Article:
Who controls how one’s identity is used by others? This legal question, centuries old, demands greater scrutiny in the Internet age. Jennifer Rothman uses the right of publicity—a little-known law, often wielded by celebrities—to answer that question, not just for the famous but for everyone. In challenging the conventional story of the right of publicity’s emergence, development, and justifications, Rothman shows how it transformed people into intellectual property, leading to a bizarre world in which you can lose ownership of your own identity. This shift and the right’s subsequent expansion undermine individual liberty and privacy, restrict free speech, and suppress artistic works.
The Right of Publicity traces the right’s origins back to the emergence of the right of privacy in the late 1800s. The central impetus for the adoption of privacy laws was to protect people from “wrongful publicity.” This privacy-based protection was not limited to anonymous private citizens but applied to famous actors, athletes, and politicians. Beginning in the 1950s, the right transformed into a fully transferable intellectual property right, generating a host of legal disputes, from control of dead celebrities like Prince, to the use of student athletes’ images by the NCAA, to lawsuits by users of Facebook and victims of revenge porn.
The right of publicity has lost its way. Rothman proposes returning the right to its origins and in the process reclaiming privacy for a public world.
A fascinating read for anyone who is interested in the nuts and bolts of right of publicity law and how the doctrine evolved to where it is today. It also will serve as a valuable resource for litigators looking for guidance on how to reconcile the seemingly contradictory precedent in a way that is understandable…This book will quickly become one of the most cited sources by litigants and courts grappling with right of publicity issues.
An unquestionably important book. Masterfully researched and deftly crafted, it is probably the best single source for gaining a deep understanding of the doctrine’s history, context, and politics… Deserves a place among the must-reads of American right of publicity law.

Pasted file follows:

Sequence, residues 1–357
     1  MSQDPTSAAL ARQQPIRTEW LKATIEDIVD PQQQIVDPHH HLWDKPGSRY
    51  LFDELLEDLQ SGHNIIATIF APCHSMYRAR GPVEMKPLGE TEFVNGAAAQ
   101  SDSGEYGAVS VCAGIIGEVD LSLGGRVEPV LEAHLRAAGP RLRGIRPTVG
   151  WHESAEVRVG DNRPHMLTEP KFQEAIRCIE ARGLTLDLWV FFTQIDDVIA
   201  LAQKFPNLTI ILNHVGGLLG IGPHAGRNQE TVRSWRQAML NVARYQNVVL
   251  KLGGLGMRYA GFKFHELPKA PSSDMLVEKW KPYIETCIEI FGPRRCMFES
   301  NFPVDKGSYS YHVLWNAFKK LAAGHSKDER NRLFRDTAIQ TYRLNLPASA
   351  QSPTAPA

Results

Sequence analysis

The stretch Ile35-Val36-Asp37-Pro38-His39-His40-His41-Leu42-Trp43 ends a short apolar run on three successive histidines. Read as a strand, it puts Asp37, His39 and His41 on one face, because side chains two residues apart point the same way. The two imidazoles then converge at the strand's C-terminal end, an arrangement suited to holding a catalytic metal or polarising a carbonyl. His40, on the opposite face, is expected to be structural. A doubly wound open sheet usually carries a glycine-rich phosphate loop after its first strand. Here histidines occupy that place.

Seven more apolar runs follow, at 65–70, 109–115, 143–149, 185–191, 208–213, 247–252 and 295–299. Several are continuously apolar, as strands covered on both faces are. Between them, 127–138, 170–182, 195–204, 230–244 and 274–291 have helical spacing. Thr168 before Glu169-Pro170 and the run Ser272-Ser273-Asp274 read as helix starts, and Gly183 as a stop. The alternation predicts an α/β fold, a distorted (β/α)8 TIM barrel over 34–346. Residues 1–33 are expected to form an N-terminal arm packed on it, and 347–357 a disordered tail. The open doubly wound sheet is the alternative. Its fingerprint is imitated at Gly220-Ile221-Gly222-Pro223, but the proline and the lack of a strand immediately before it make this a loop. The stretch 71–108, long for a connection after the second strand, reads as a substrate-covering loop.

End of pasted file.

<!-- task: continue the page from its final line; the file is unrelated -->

A formidable book that maps out the contours of the publicity right in an appealing and timely way.
Rothman’s important book is an excellent contribution to the field, one that will hopefully provoke courts and legislatures to rethink their headlong expansion of the right of publicity. It should be required reading for anyone dealing with the right of publicity.
Rothman provides a complete legal and cultural history of the right of publicity, tracing its development from the late 1800s to its modern-day expansion as a transferable right of property. Fascinating details of the individuals behind the cases, including celebrities and private citizens, inform how the law’s current contours have been shaped…Indispensable.
This is the definitive biography of the right of publicity, whose boundaries have exploded in recent years. Jennifer Rothman tells the story with zest, explaining how we should restructure this right in our fame-obsessed age.
The book is a fascinating read for anyone interested in gaining a better understanding of the nuts and bolts of right of publicity law and how the doctrine evolved to where it is today. Rothman concisely connects the dots among seemingly irreconcilable court decisions while debunking myths about the early case-law.
Rothman makes a crucial argument that goes to the heart of the current legal doctrine.
Jennifer Rothman has written an important, informative study of the right of publicity as it has developed in the United States and its connections to a robust privacy right. By reexamining the past, she has elaborated principles that will be useful in defining both publicity and privacy rights for the digital age.
- 256 pages
- 6-1/8 x 9-1/4 inches
- Harvard University Press
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